Cold War Waste Emerging from Depths of Greenland Ice Sheet
Cold War nuclear waste long thought to be safely contained under the Greenland Ice Sheet could be exposed by the end of this century if warming trends continue in the Arctic.
The United States military built Camp Century on Greenland with the permission of the Danish government in 1959, taking advantage of its remote yet crucial position on the globe. They advertised it as the Army Polar Research and Development Center, where as many as 200 trained specialists were mastering the secrets of survival. In reality, it was a nuclear missile launch site.
The base was expanded under the ice. Huge tunnels were engineered to house missiles pointed toward the Soviet Union. But as the Greenland Ice Sheet began to shift, the massive network of warhead-filled ice tunnels–Project Iceworm as it was known to the military–quickly lost effectiveness.
The camp was decommissioned in 1967 and abandoned without forethought. Under the constant snow of Greenland, many assumed the vacant remains and hazardous waste would quickly fade into the ice. For a time, that’s exactly what happened, and if those who visit the site where Camp Century once stood will see nothing but barren white.
But that’s changing quickly. William Colgan, a physical geographer at York University in Canada, shared with NPR his findings at the site, along with unclassified records of the camp.
“They thought it would snow in perpetuity and the phrase they used was that the waste would be preserved for eternity by perpetually accumulating snow,” Colgan said. “Well, we might not be looking at preservation for eternity any longer. It might be like preservation for the next century or so.'”
Colgan and his team of researchers published their findings in an article for AGU Publications. They also described the materials left behind when the camp was left in the ’60s: radioactive cooling water, diesel fuel, human waste sumps, and other toxic compounds. Colgan says there is actually no record of what is actually still under the ice, but that there’s no doubt it could ignite a political dispute if Arctic ice continues to melt.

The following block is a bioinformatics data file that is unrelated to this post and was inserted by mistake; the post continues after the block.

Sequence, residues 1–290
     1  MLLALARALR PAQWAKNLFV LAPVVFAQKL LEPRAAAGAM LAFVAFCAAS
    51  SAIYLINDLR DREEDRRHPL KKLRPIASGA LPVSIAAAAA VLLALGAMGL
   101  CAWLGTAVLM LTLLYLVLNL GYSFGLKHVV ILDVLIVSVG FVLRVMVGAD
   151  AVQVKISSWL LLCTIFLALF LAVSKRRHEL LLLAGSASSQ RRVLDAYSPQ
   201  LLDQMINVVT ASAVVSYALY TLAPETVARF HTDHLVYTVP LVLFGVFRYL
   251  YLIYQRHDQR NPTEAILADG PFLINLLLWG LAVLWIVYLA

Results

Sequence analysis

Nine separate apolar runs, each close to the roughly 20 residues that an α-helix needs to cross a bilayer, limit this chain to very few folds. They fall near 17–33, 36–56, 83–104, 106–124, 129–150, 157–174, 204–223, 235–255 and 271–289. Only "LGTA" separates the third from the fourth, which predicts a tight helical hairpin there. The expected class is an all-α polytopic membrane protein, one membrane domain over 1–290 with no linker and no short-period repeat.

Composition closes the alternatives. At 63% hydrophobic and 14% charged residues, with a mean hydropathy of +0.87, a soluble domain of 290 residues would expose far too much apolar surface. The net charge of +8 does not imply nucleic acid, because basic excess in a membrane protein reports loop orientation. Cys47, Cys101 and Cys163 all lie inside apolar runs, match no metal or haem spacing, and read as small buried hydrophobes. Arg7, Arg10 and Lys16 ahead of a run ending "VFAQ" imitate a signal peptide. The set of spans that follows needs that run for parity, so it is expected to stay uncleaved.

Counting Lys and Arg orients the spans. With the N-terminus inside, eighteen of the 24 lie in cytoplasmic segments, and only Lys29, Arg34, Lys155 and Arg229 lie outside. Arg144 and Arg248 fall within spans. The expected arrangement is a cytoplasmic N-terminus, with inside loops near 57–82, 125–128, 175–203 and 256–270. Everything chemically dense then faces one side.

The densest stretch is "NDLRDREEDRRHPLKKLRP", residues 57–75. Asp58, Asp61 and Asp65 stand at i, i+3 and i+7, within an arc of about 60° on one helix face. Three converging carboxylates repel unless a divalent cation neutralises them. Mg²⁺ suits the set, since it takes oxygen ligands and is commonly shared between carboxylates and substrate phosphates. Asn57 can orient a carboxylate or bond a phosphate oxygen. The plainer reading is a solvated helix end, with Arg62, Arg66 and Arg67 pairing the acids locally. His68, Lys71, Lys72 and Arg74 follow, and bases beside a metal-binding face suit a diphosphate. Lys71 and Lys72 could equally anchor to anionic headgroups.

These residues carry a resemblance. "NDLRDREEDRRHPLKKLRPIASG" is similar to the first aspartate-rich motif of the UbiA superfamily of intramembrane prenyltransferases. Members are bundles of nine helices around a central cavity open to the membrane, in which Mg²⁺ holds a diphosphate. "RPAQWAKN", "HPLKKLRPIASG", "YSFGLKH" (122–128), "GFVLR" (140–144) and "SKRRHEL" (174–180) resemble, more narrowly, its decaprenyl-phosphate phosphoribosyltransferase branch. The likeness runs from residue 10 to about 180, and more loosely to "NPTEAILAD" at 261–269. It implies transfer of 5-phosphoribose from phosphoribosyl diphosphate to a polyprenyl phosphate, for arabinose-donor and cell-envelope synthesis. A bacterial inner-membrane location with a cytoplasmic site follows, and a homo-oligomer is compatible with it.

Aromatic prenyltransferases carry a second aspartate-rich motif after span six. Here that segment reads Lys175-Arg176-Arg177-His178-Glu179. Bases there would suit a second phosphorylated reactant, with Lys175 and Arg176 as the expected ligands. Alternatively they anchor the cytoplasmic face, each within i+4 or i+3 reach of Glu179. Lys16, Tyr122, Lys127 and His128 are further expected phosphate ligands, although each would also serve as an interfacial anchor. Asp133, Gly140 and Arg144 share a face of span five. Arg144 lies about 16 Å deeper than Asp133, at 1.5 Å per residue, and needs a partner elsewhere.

According to James White, a climate scientist at the University of Colorado in Boulder, it was foolish to believe eternal preservation under snow in the first place.
“The question is whether it’s going to come out in hundreds of years, in thousands of years, or in tens of thousands of years,” he said. “This stuff was going to come out anyway, but what climate change did was press the gas pedal to the floor and say, ‘it’s going to come out a lot faster than you thought.'”
Colgan has estimated the site will move from a net snowfall to a net melt by 2090 but recommends that clean up process wait until the waste is exposed, as beginning now would be costly and ineffective.
“Once the site transitions from net snowfall to net melt, it’s only a matter of time before the wastes melt out; it becomes irreversible,” he said.
In 1946, the United States came to the people of Bikini Atoll in the Marshall Islands with a proposition: if they evacuate their homes, the U.S. can perfect the nuclear bomb, and finally bring an end to humanity’s need for war. Residents agreed to relocate, confident they would soon return to their homes. Follow this link to read more about their story, and what scientists are finding at the area today.